The music didn’t stop there, Sandy Relief benefit for Norton Records in Brooklyn was a mash up of Brooklyn and Nashville talents Daddy Long Legs, A Bones, The Ettes and Weekend Babes. This line up at Mercy Lounge was killer and we stomped and stomped till the house came down. High Watt, on the top floor of the Mercy complex, which is also the home to a Sunday rock and roll church group (better attended then most concerts I go to) was the locale for Found Footage festival which is always a solid hour or two of laughs, and guest starring the beautifully awkward comedic genius of Kate Berlante.
Top this exciting week off with an impromptu stop at Taqueria San Luis for the biggest tamales ever (basically banana-leaf-wrapped pillows) with two scoops from Jeni’s ice cream in a Black Chocolate Stout float featured at our Togather literary series on Sunday, and I was holding my sides almost as hard as I had at our comedy event the night before. Nashville, I can’t wait to come back, my only regret, being too full for Princes Hot Chicken. Next year, Nashville. Next year!
[Text by Nichon Glerum]
[Photos by Nichon Glerum and Maria Teresa Salvati]
On a cold but sunny Saturday, Slideluck London celebrated its fifth show by throwing a smashing Slideluck event for the grand finale of FORMAT Festival, in Derby’s charming old Chocolate Factory.
Between 6 and 7pm the 200+ (international) guests arrived by car, train, and the special Slideluck London coach. All were welcomed with Format chocolates, Brooklyn Brewery beers and – as more guests arrived- an ever growing number of delicious potluck dishes on the buffet. All indulged themselves on velvety smooth carrot cupcakes, colorful salads, broccoli pies and much much more. Mothersmilk was also on the menu, although only for one very special little guest!! Zac, born only days before the event, is the beautiful newborn of featured artist Fjona Hill.
Then, the guests sat down to watch the slideshows as curated by Monica Allende, photo editor of The Sunday Times Magazine and founder of the pioneering photography section, Spectrum.
Brooklyn Beers kept everyone’s throats chilled, hot water bottles warmed peoples hands, and an overwhelming display of visuals and audio was overflowing the audience.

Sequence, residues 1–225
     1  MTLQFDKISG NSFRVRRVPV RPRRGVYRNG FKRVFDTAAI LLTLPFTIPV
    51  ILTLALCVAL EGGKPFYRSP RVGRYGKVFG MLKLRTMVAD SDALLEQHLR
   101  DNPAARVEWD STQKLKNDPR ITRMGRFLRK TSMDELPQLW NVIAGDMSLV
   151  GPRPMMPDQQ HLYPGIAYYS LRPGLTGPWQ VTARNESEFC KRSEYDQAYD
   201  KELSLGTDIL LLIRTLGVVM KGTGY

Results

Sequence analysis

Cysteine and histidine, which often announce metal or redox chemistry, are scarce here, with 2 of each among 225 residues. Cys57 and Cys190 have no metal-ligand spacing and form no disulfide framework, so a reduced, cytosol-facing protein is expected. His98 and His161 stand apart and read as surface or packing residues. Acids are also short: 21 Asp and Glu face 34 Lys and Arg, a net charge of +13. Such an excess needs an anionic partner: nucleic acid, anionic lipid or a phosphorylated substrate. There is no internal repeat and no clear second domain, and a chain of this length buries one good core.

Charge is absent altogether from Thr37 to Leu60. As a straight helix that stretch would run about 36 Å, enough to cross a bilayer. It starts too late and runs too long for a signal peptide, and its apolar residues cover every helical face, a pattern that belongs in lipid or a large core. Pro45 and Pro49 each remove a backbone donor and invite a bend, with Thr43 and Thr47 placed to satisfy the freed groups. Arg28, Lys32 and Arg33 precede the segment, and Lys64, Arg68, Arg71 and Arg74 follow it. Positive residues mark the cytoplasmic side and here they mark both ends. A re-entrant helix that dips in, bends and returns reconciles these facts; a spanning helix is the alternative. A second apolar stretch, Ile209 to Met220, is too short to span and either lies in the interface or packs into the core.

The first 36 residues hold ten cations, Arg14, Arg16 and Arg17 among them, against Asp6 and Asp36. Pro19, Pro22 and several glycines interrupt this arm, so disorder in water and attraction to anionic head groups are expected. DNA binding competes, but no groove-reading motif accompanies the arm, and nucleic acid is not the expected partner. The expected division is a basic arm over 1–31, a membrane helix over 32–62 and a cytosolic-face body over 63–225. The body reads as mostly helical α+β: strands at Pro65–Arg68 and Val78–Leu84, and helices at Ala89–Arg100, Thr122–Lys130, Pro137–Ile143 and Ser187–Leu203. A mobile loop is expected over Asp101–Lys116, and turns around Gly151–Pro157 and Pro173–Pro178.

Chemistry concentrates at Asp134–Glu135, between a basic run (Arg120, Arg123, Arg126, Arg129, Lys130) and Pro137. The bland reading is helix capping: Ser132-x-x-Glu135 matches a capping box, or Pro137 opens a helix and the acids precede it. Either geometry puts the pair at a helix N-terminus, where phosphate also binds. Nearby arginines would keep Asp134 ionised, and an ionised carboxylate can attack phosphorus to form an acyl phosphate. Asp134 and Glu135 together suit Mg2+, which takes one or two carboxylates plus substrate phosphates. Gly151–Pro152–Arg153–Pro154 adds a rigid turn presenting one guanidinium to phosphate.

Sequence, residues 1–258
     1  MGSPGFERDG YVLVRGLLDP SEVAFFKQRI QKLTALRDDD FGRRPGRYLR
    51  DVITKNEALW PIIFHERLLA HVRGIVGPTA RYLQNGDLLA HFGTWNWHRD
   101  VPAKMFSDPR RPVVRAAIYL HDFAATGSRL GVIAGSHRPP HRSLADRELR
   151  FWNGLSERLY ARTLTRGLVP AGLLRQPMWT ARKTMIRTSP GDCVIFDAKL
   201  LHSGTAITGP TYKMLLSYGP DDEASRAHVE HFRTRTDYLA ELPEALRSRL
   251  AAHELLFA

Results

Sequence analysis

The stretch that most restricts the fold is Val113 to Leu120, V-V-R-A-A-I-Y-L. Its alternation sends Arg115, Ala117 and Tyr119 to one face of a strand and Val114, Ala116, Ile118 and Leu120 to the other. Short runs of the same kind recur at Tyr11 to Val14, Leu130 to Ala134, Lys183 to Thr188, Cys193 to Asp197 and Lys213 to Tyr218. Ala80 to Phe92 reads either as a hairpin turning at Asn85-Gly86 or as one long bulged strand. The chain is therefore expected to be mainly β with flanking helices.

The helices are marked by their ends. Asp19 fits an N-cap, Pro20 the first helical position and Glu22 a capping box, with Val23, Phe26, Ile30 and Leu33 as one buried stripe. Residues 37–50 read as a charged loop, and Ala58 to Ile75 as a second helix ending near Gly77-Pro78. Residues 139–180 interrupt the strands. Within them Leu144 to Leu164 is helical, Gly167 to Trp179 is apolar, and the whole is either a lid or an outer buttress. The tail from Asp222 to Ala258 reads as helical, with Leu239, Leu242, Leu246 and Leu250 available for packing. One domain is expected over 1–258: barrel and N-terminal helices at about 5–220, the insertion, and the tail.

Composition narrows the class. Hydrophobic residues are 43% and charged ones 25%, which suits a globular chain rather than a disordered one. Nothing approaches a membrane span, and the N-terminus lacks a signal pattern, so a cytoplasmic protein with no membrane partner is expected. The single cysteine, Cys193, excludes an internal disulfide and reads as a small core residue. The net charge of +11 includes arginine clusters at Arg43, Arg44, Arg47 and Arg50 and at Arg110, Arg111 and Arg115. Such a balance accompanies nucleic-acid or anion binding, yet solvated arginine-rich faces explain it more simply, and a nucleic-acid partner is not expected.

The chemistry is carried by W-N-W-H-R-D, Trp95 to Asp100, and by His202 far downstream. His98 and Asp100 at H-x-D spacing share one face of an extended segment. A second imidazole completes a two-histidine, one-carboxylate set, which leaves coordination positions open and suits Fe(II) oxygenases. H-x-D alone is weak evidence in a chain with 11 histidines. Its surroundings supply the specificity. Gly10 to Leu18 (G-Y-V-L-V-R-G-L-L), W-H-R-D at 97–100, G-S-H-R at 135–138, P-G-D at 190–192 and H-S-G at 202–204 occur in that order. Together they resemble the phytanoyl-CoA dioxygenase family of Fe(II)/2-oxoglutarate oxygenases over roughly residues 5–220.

In the break people could play and have their picture taken in Kitty Walkers industrial cardboard city photobooth.
After part two Director Maria Teresa Salvati announced the winner of the Blurb award, selected by her and Louise Clements, artistic director of Quad and Format festival. Alfonso Almendros is the lucky Slideluck artist that will go home with a £350 Blurb Gift Card!
Then she announced the artists that would be featured in Spectrum, as selected by Monica Allende. Monica was originally going to pick one, but, overwhelmed by the outstanding works, decided to give 7 photographers the chance to shine at this amazing platform. They are: Fan Shisan, Alfonso Almendros, Rafael Arocha, Alexander Aksakov, Arantxa Cedillo, Jean-Marc Caimi & Valentina Piccinni and Bryan Schutmaat.
After the slideshows and a little break, it was time to taste the sound of The Developer: a unique multi-artist residency responding to the Derwent Valley Mills World Heritage Site at John Smedley, especially created for FORMAT13.
As icing on the Slideluck-cake, a raffle was held, in which lucky winners took home prizes not only from sponsors such as Viewbook and Gup magazine, but also 7 beautiful prints kindly donated by participating artists.
All in all, the evening offered a relaxed vibe, with the guests mingling to discuss love, life, art and the universe. Slideluck London was a great succes, thanks to all that were part of it!
A massive thanks to the director Maria Teresa Salvati; the super-efficient and creative producer Nichon Glerum; Pedro Lopez Paz, who helped with all the technical aspects of this edition and was a super hero in organising the coach from London; and Kitty Walker who jumped in to support the whole team wherever needed and who designed built the wonderful cardboard industrial city used for the photo booth. Also, this night would not have been possible without the help of the amazing team of Format: Louise Clements, Federica Chiocchetti, Michael Sargeant, Sebah Chaudhry, Jill Carruthers and all their fantastic volunteers that helped us out. We thank our partners and sponsors Viewbook, GUP magazine, Blurb, Feature Shoot, Format Festival & Quad, Develop Photo, Lily Vanilli, Duckrabbit, and of course Brooklyn Brewery.
Once in a while, quite infrequently, it gets cold and windy in Barcelona…. March 14th was one of those rare days, so the Slideluck and Pati Llimona teams had to take some quick decissions: moving the Slideluck slideshow, and subsequent dinner, from the 15th century patio to the main hall in the Civic Center building.
The shifting of a few signs and the collaboration of our attendees allowed us to start almost on time, and those few minutes of waiting passed rapidly while viewing Gustavo Germano’s touching Ausencias exhibition in Pati Llimona’s lobby.
Once everybody made it to the main hall, we realized that we had a full room… Approximately 100 persons attended the Slideluck, making it the most successful event in the last few years in Barcelona!
The audience enjoyed the 15 pieces that were projected in the slideshow and we moved on to have dinner in the main hall. We enjoyed all the different delicacies that the public brought: pizza, profiteroles, “tortilla de patatas”, and four different types of pasta salad. Pasta salad is probably the staple of any Slideluck potluck!